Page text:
While Simone Biles, Katie Ledecky and the entirety of the women's track and field team dominated the 2016 Summer Olympics in Rio de Janeiro this summer, it was swimmer Ryan Lochte who brought the drama. Lochte found himself in some hot water — sorry for the pun — when he alleged that he and several members of the U.S. men's swim team were robbed at gun point during a rowdy night out in Rio. It turns out Lochte's robbery story wasn't true at all, and the 12-time Olympic medalist is facing media fallout and a possible indictment for reporting a false crime. Ryan Lochte's translator is now speaking up, and his version of events differ greatly from Lochte's and the three other U.S. swimmers who were involved in whatever mayhem unfolded that night.
Lochte first alleged that he and three U.S. swimmers were robbed at gunpoint while returning home from a party the morning of Sunday, August 14. Lochte told Brazilian authorities, as well as NBC News, that the four swimmers were approached by two men disguised as police officers. Lochte alleged that a gun was pointed at his head, and he was forced to lay down on the ground. According to NBC News, Lochte gave a different version several days later: the gun was never pointed at his head.
Brazilian authorities later denounced both accounts as false,and released video footage of Lochte causing vandalism at a gas station that same night. Two security guards at the gas station confronted the four U.S. swimmers, and Lochte now alleges that the security guards pointed a gun at Lochte.
In a statement released Friday, American swimmer Gunnar Bentz, who was with Lochte that night and was considered a witness by Brazilian police, said guns were eventually drawn by the two security guards:
Two men, whom I believe to have been security guards, then instructed us to exit the vehicle. No guns were drawn during this exchange, but we did see a gun tucked into one of the guard's waistband. As Jimmy and Jack were walking away from the vehicle, the first security guard held up a badge to me and drew his handgun. I yelled to them to come back toward us and they complied. Then the second guard drew his weapon and both guards pointed their guns at us and yelled at us to sit on a nearby sidewalk.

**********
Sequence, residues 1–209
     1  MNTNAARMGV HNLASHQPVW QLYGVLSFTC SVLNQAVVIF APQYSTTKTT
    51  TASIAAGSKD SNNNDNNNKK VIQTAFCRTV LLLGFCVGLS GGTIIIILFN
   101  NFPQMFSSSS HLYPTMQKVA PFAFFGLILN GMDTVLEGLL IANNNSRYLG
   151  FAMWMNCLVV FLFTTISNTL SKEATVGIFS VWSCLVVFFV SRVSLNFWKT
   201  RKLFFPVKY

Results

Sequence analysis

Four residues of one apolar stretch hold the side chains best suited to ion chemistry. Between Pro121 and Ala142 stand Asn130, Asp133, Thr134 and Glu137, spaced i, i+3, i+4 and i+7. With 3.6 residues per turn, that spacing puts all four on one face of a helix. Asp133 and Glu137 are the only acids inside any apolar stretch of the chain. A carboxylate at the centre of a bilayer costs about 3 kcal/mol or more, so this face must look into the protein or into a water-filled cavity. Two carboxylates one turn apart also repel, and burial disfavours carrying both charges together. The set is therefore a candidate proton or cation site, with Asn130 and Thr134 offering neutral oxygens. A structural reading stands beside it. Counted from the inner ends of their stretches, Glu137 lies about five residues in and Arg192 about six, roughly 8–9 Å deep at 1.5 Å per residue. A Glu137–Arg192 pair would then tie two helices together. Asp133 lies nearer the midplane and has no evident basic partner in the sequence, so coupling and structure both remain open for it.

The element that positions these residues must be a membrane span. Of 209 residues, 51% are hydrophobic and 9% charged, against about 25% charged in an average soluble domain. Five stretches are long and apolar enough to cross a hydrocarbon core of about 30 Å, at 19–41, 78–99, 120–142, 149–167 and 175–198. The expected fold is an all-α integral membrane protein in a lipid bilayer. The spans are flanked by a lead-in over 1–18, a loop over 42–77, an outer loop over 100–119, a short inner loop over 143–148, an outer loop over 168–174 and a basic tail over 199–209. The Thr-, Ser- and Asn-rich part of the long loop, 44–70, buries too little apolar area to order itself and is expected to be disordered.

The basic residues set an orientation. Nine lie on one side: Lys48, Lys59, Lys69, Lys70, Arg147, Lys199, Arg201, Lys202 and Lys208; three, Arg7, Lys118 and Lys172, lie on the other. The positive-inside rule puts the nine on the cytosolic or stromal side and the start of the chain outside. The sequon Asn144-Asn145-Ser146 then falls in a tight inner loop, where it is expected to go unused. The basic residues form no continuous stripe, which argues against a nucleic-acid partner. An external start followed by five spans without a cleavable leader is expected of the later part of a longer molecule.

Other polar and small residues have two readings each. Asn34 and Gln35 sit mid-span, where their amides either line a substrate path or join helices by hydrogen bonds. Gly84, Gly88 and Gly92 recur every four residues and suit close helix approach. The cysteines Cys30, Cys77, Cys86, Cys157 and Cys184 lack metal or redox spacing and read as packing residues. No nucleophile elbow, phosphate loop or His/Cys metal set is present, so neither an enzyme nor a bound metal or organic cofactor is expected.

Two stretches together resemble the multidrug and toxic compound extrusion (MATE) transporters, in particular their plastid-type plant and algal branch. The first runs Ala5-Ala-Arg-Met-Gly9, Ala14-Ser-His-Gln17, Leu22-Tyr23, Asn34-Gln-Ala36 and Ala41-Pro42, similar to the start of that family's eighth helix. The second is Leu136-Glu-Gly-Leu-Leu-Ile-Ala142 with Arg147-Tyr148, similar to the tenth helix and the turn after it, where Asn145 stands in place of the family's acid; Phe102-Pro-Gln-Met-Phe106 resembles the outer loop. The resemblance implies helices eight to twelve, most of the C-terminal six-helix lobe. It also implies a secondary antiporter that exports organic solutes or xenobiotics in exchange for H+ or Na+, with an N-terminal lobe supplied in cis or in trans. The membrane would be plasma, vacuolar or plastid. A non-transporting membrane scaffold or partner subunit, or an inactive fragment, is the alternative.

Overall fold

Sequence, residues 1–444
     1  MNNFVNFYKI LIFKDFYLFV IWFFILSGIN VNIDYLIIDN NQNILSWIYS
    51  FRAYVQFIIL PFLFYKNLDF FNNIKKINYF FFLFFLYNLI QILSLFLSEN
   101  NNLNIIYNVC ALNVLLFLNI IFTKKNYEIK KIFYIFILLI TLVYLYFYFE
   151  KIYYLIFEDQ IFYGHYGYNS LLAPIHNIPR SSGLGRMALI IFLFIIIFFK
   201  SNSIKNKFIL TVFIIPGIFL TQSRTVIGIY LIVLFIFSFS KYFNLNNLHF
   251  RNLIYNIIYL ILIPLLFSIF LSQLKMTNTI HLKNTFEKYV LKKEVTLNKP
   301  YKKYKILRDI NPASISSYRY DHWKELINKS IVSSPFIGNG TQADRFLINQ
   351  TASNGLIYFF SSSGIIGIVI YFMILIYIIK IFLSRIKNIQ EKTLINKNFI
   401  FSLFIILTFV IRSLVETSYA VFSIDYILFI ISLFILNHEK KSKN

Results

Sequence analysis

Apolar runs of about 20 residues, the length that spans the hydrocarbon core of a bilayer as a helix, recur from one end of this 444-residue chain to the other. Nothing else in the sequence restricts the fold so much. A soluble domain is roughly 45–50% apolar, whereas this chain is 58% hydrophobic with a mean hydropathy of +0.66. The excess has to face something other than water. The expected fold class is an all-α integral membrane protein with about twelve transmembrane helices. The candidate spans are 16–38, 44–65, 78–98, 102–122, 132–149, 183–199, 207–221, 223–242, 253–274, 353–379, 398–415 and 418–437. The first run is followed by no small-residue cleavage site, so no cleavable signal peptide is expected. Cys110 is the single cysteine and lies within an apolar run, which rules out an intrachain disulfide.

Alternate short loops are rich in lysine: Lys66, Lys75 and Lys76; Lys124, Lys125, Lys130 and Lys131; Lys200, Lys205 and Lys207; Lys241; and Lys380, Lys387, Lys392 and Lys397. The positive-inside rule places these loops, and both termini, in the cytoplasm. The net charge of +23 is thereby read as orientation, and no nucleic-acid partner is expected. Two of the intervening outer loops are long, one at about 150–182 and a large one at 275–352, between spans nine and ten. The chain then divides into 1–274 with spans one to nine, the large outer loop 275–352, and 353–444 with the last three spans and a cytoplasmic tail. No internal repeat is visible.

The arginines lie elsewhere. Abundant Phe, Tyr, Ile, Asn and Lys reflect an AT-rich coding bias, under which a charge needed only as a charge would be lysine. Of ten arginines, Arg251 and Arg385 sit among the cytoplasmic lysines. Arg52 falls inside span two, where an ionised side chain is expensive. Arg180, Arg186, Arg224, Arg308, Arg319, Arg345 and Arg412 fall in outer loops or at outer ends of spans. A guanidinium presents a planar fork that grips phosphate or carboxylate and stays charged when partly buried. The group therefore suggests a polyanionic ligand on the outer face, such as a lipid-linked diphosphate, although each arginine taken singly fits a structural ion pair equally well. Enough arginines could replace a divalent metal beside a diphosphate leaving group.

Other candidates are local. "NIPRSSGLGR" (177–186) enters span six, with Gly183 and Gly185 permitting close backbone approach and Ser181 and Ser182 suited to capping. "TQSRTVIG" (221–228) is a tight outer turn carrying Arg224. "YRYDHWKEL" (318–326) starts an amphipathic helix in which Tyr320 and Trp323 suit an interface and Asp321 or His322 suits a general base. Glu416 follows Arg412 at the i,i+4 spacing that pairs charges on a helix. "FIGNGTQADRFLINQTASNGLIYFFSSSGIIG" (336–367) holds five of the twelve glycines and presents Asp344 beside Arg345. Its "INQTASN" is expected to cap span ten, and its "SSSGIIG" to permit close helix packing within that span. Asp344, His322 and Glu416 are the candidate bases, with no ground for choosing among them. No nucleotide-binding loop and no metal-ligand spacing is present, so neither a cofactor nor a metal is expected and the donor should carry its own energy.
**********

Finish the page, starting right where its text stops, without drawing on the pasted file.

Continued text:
In his statement, also released Friday, American swimmer Jack Conger corroborated that at least one gun was drawn. "Although I cooperated with [the security guards'] requests while there was a heated exchange among others, at one point a weapon was pointed at me," Conger said in the statement.
But a man who acted as a translator for the American swimmers that night has a slightly different version of events. Fernando Deluz told the Associated Press that no weapons were drawn during the confrontation at the gas station. "There was no aggression. Pointing a gun at them? Never. There was nothing like that," Deluz told the AP.
Deluz added to the news source that one of security guards placed a hand on his gun, then pointed his hand at the ground. But Deluz is firm that no guns were pointed at the Olympic swimmers. He told the AP that the swimmers "lied about what happened."
Lochte, meanwhile, is still going with the story that he was approached by men, had a gun pointed at him, and was possibly robbed. Lochte posted an apology on his Instagram account on Friday that reiterated his trauma over allegedly having been held at gunpoint. "It's traumatic to be out late with your friends in a foreign country...and have a stranger point a gun at you and demand money," Lochte wrote. "I should have been much more responsible in how I handled myself."
Brazilian authorities have yet to definitively say whether or not weapons were actually drawn, and are still piecing together the play-by-play of this gas-station confrontation. However, Deluz, the translator, did corroborate to the Associated Press the report that the American swimmers compensated the gas station for the vandalism.